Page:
As Iowa caucus nears, candidates ramp up God-talk

Democratic presidential hopefuls ramped up the God-talk while criss-crossing Iowa over the weekend, invoking the Bible and meeting with religious leaders while their Republican opponent President Trump worked to bolster support among evangelical Christians.

(RNS) — Democratic presidential hopefuls ramped up the God-talk while criss-crossing Iowa over the weekend, invoking the Bible and meeting with religious leaders while their Republican opponent President Trump worked to bolster support among evangelical Christians.

The faith-fueled weekend kicked off with remarks from Trump in a Florida church on Friday evening, where he launched a new “Evangelicals for Trump” campaign initiative to assist his re-election bid. Speaking to a group of evangelicals, the president took a shot at his Democratic opponents, accusing them of being anti-religious.

“As we speak, every Democrat candidate is trying to punish religious believers, and silence our churches and our pastors,” Trump said. “Our opponents want to shut out God from the public square so they can impose their extreme anti-religious and socialist agenda on America.”

Trump singled out South Bend, Indiana, Mayor Pete Buttigieg, mocking the Democrat’s faith.

“All of a sudden he has become extremely religious,” Trump told the crowd, referring to Buttigieg. “This happened about two weeks ago.”

Faith leaders pray with President Donald Trump during a rally for evangelical supporters at the King Jesus International Ministry Church, Friday, Jan. 3, 2020, in Miami. (AP Photo/Lynne Sladky)

But Buttigieg, an Episcopalian who has spoken of his faith often during his campaign, fired back — first on Friday evening by tweeting “God does not belong to a political party” and then by directly addressing the president’s remarks on Saturday.

“I’m not sure why the president’s taken an interest in my faith journey, but I certainly would be happy to discuss it with him — I just don’t know where that’s coming from,” Buttigieg told reporters. “Certainly, it has been a complex journey for me, as it is for a lot of people, but I’m pretty sure I’ve been a believer longer than he’s been a Republican.”

It turned out to be the beginning of a spiritually infused few days for a slate of presidential candidates who have shown an unusual affinity for religious rhetoric, with some even tying their faith to their policy proposals.

Massachusetts Sen. Elizabeth Warren got biblical while discussing economics and usury laws, arguing that banks in the 1980s chipped away at ancient economic systems designed to protect average people from exploitation.

“Bankruptcy is provided (for) in the Bible: Every seven years debts are forgiven — and the notion of a ‘jubilee,’” she said, noting usury laws are also in the Quran.

Warren referenced faith again a short time later during an exchange with a voter at a campaign town hall event in Dubuque, Iowa. A man who identified as an evangelical Christian asked why he should “give up” his religious opposition to same-sex marriage and abortion to support someone like Warren, arguing that Democratic candidates don’t respect his views.

Warren responded by noting that she was raised Methodist and once taught Sunday school and insisted that every person should be treated with respect, be they “black or white, straight or gay or trans … old or young.”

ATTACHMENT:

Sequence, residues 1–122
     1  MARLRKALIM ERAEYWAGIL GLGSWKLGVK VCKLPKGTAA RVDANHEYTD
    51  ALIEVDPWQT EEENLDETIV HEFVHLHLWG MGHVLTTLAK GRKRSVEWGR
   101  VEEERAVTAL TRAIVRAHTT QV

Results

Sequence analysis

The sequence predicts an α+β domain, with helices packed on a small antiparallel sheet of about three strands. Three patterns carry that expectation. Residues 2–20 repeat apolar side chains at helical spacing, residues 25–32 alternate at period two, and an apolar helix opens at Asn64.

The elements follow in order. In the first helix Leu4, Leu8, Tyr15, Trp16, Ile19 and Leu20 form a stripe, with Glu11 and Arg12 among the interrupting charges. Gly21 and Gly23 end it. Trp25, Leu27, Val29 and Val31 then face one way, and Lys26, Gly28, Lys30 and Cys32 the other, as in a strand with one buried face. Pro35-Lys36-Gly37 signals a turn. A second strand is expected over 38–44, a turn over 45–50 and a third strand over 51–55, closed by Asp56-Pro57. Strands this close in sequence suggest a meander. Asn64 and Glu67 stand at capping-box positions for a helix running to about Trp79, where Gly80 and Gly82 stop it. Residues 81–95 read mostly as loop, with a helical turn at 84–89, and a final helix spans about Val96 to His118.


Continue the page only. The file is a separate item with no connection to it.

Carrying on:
The senator then singled out the man’s reference to abortion.

“A woman who’s in the position of trying to decide what she’s going to do about a pregnancy — that she may not have planned for, may not have hoped for, may have been forced upon her — is a woman who should be able to call on anyone for help,” Warren said. “She should be able to call on her partner. She should be able to call on her mom. She should be able to call on her priest or rabbi, or her pastor. But the one entity that should not be in the center of that very hard decision is the federal government.”

After the crowd responded with a standing ovation, Warren added: “I’ll be respectful of you, and I believe you when you say you’re respectful of me. We may have a difference about the view about the federal government on this issue, but boy I sure would like to think about the parts we come together on — on the importance of investing in every single baby in this country.”

Not to be outdone, former Vice President Joe Biden, a Catholic, visited Corinthian Baptist Church in Des Moines on Sunday. Parishioners at the historically African American church prayed over him.

“(I pray) in the name of Jesus … every day that (Biden) gets up, oh Lord, that you direct his path, that you direct his steps,” a woman said, while others laid hands on Biden. “There are so many things coming against him. You said the blood of Jesus will protect him as he goes throughout this United States in the name of Jesus. Oh father God, put a hedge of protection around him, let no harm or danger come near him or his family.”

Signs suggest the God-talk is unlikely to let up as candidates enter the final stretch before the Iowa caucus on Feb. 3. At least five presidential hopefuls — New Jersey Sen. Cory Booker, former congressman John Delaney, spiritual author Marianne Williamson, independent Candidate Mark Charles and Republican candidate Bill Weld — are slated to speak at the Vote Common Good forum hosted in Des Moines Jan. 9-11, which is facilitated by a group of religious progressives.

Organizers said Biden, Minnesota Sen. Amy Klobuchar and Vermont Sen. Bernie Sanders have yet to respond.